1. Make the dressing by hand or in a food processor or blender: mix toggether the capers, mustard, garlic, vinegar and some salt and pepper. Whisk vigorously or run the machine while adding oil in a slow trickle. You should end up with a thick, creamy dressing. Taste and adjust the seasoning if necessary.
  2. Add the cauliflower florets to a large pan of boiling salted water and simmer for 3 minutes only. Drain through a colander and run under cold tap water to stop the cooking. Leave to dry. Once dry, mix with another drizzle of olive oil and some salt and pepper.
  3. Place a ridged griddle pan over the highest heat and leave for 5 minutes to get really hot — alternatively, cook them on the broil setting of your oven until charred (this is probably what I will do). Grill the cauliflower in batches, making sure they‚Äôre not cramped. Turn them as they grill until nicely charred. When done, transfer to a bowl. While the cauliflower is still hot, toss with the dressing, followed by the dill, spinach and tomatoes.
  4. Check the seasoning before serving and add more salt and pepper if necessary. Serve warm, cold or at room temperature.

Friday РSaudi rice and lamb

kebsa 3

A few weeks ago, JW took me to the House of Spice, a tiny store in Kensington Market that he thought I would like. He was so¬†right. They had everything – spices I had never heard of, and others I’d been searching for for years! I got particularly excited when I found a bag of dried limes, which are essential for making authentic-tasting middle-eastern dishes, such as this one.


  • 1 medium onion, chopped
  • 2 garlic cloves, crushed
  • 250 g ground lamb
  • 2 dried limes, cut into halves
  • 1‚ĀĄ4 tsp¬†cumin powder
  • 1‚ĀĄ4 tsp¬†cinnamon
  • 1‚ĀĄ4 tsp¬†cardamom powder
  • 1‚ĀĄ4 tsp¬†black pepper
  • 1‚ĀĄ4 tsp¬†saffron, leaves
  • 3 lamb or beef¬†stock cubes
  • 1 tbsp¬†tomato paste
  • 4 1‚ĀĄ2 cups water
  • 2 1‚ĀĄ2 cups basmati rice,¬†rinsed


  1. Heat oil in a large pot. Fry onions for 3-4 minutes or until golden in color then add garlic and stir for another minute.
  2. Add minced lamb and fry for 5 minutes or until it becomes brown in color. Add dried limes, spices, stock cubes and tomato paste, stir for 1 minute then add the water and bring to boil.
  3. Add the rice, bring to boil with occasional stirring, cover and simmer on low heat for 20-25 minutes or until rice is cooked.

Week of October 6, 2014

I just returned from a wonderful, long weekend in Quebec City. I got to reconnect with colleagues, visited with friends I hadn’t seen in a while, and Sunday afternoon we had a surprise baby shower for one of my dearest friends. It was precisely what I needed, and now I am back and ready to tackle October!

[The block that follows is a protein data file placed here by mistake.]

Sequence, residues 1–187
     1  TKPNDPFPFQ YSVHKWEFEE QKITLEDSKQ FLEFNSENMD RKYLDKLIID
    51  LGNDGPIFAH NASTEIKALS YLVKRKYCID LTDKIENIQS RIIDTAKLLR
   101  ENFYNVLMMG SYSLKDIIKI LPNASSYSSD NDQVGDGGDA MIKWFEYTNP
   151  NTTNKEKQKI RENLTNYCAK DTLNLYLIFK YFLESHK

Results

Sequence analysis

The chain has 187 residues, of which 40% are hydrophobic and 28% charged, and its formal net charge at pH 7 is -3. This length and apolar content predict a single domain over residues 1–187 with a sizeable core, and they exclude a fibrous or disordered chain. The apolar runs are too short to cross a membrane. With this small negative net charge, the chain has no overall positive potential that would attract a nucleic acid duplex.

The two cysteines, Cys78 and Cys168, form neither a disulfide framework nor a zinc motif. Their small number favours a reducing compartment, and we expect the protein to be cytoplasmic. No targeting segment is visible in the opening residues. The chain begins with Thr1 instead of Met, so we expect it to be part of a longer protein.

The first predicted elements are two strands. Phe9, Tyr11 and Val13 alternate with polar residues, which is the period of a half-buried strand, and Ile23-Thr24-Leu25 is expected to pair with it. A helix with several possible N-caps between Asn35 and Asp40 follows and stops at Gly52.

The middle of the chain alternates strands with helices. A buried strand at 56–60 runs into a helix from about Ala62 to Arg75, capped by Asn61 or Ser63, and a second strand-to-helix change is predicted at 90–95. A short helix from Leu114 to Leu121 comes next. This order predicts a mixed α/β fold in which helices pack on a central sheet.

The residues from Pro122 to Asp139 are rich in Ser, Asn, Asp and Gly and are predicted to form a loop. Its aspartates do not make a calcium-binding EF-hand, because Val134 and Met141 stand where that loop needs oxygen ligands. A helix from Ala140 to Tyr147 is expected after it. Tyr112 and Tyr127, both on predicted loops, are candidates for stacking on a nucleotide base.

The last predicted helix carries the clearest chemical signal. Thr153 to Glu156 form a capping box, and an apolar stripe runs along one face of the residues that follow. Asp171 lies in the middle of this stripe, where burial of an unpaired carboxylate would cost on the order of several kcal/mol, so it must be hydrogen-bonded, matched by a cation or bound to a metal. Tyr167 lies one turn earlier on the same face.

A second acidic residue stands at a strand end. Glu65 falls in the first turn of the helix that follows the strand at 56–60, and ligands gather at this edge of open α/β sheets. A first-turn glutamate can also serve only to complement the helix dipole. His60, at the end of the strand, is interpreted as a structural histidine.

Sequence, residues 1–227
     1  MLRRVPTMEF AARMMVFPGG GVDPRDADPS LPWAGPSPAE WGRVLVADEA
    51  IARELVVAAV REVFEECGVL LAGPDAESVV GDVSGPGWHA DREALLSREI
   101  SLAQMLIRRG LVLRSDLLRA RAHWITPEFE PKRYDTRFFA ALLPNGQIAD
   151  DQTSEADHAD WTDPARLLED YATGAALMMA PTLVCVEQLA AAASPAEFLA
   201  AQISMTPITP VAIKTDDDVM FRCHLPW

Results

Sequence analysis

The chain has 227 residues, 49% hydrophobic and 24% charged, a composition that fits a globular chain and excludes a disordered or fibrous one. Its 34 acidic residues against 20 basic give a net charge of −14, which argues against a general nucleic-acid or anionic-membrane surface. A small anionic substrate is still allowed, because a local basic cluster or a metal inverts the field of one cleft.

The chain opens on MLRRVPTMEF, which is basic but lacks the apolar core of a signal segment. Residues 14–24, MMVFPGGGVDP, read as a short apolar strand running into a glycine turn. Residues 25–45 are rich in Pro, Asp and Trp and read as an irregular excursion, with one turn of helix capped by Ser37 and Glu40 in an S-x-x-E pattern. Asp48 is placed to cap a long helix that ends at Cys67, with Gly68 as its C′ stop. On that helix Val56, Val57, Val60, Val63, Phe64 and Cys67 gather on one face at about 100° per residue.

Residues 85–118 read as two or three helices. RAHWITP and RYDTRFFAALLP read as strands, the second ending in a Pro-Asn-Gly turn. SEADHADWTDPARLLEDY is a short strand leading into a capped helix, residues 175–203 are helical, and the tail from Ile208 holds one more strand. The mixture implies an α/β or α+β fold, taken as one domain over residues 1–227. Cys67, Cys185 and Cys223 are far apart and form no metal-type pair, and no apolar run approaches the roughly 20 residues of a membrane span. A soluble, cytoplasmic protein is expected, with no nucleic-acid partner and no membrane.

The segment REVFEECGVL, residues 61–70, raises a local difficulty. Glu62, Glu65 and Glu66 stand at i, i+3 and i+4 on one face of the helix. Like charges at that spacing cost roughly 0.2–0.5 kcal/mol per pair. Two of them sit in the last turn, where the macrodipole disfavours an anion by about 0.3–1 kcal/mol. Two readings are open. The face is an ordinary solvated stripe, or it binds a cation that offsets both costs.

While waiting for my flight home to board on Sunday evening, I did one of my favorite airport things: bought a cooking magazine to leaf through on the plane! I opted for Ricardo’s most recent issue, which was a special edition on reducing food waste (in addition to all kinds of tasty recipes, of course). I found a lot of the suggestions very useful!¬†Here are a couple of my favorites:

  • I am always throwing away entire cans of tomato paste (most recipes only call for a couple of tablespoons, at most, and I am terrified of botulism so I never keep the leftover) but Ricardo offers up an¬†amazing solution for avoiding all this waste: when finished using what you need from the can, scoop little portions of tomato paste (about 1 tbsp) onto a wax-paper-lined cookie sheet and stick them in the freezer. Once they’re frozen solid, collect them in a freezer bag and store them for future use.
  • Instead of throwing away scraps of rinds and peels (e.g., after peeling carrot or onions,¬†or removing the tough¬†leaves from¬†celery, radishes, carrots or whatever), keep them in a freezer bag for the next time you’re making soup stock.

Without further ado, here is this week’s meal plan!

Monday¬†–¬†Stuffed squash

Nothing is more autumny than squash! This recipe was adapted from the original.


  • 2 medium sized acorn squash, halved and de-seeded
  • 1lb extra lean ground pork
  • 1 small onion, minced
  • 3 garlic cloves, minced
  • 28-oz can diced tomatoes
  • 2 tbsp fat free chicken broth
  • Generous pinch of crushed red pepper
  • 2 tbsp tomato paste
  • 1 tbsp cumin
  • 1 tsp paprika
  • salt and pepper to taste


  1. Heat oven to 450¬į F. Place the squash halves cut-side down in a baking dish, add 1/4 inch water, cover with foil, and bake until tender, 25 to 30 minutes.